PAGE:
Having an Identity
Reading around in the philosophical literature about self and identity, it strikes me that one topic is very often left out. The literature deals with quantitative identity, as in the relation between teenage me and adult me that makes "us" one and the same. There's plenty of literature about the self--in the sense of my mind, in totality. There's also literature about the self in the sense of personality--clusters of traits like introversion, openness to new things, etc.. But what about identity in the sense of a relatively small set of core characteristics that go into "who I am" (as the folk are wont to say)?
Far from the Tree: Parents, Children, and the Search for Identity. What are we searching for? Knowing who we are -- in some sense. The idea seems to be that healthy, normal people can give an answer to the question "Who am I?" Beyond just having whole personalities, which is inevitable, it's thought to be important and wholesome to be able to say "This is who I am--I'm X, Y, and Z." Solomon says the people discussed in his book have "horizontal" identities. Being Irish, because your parents are Irish, would be a vertical identity. Being deaf or autistic (for example) is having a horizontal identity, because you don't derive that identity from your parents.
What are my X, Y, and Z? Let's see--maybe this is a reasonable test. You have a randomly selected pen pal or e-pal, and know nothing about each other. What information do you need to share so that you know who you're talking to? The folk theory about identity is that for each person, there is an answer to that question. Our identities are built up out of things like our gender, occupation, or even where we live. (Some Texans are identity-Texans!) Inspired by the chapter of Solomon's book on transgender, I've been reading around about that topic (I very much enjoyed She's Not There, by Jennifer Finney Boylan). Gender, to me, seems like part of the background. I'm female, but don't think much about being female. I wouldn't really have thought it was part of my identity, but maybe it is--it's just a part of my identity that I don't focus on much. Does my invisible interlocutor need to know my gender, so we know each other? Maybe so. I'm a vegetarian, but not an identity-vegetarian. My interlocutor doesn't need to know that about me, to know who I am. Being Jewish--maybe. Being an atheist--maybe not. Being a mother of two children--probably. Being a philosopher--very probably.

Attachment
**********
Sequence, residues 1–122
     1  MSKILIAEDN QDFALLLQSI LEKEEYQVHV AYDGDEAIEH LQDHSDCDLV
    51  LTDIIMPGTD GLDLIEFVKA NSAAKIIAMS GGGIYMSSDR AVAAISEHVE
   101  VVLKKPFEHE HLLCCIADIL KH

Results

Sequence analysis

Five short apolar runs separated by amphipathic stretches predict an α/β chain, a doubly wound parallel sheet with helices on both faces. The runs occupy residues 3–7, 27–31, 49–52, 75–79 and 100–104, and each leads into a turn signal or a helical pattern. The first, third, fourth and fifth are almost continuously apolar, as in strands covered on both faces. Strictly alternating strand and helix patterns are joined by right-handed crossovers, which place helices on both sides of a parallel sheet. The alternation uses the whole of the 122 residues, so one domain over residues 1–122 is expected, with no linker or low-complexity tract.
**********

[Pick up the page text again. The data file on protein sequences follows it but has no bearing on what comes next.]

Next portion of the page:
A Buddhist-Stoic element of the folk theory about identity is that we shouldn't put too many features on such a list, since doing so would make us vulnerable to the proverbial "identity crisis"--if I lose my job, and that's part of my identity, I shall have to run into the night screaming, because I no longer can say who I am. We need to put the right kinds of things on the list--not my job, but my love of the subject I teach, for example. Some disability activists offer another type of advice--we actually shouldn't think of a disability or difference as identity-making, contrary to Solomon's subtitle. Why regard yourself or someone else as a deeply different kind of person, solely on the basis of a disability? Turning disabilities into identities is at the root of some kinds of segregation and discrimination.
Being more tough-minded about all this, you have to wonder: why should any of my characteristics define who I am? Maybe--in fact, probably-- there's no definition of who I am, in this sense, no traits, attitudes, beliefs, and so on, that make me who I am. Maybe "identity" and "who I am" talk is folk psychology at its least salvageable. At the risk of using the word "maybe" too many times in one post, I have to say: maybe.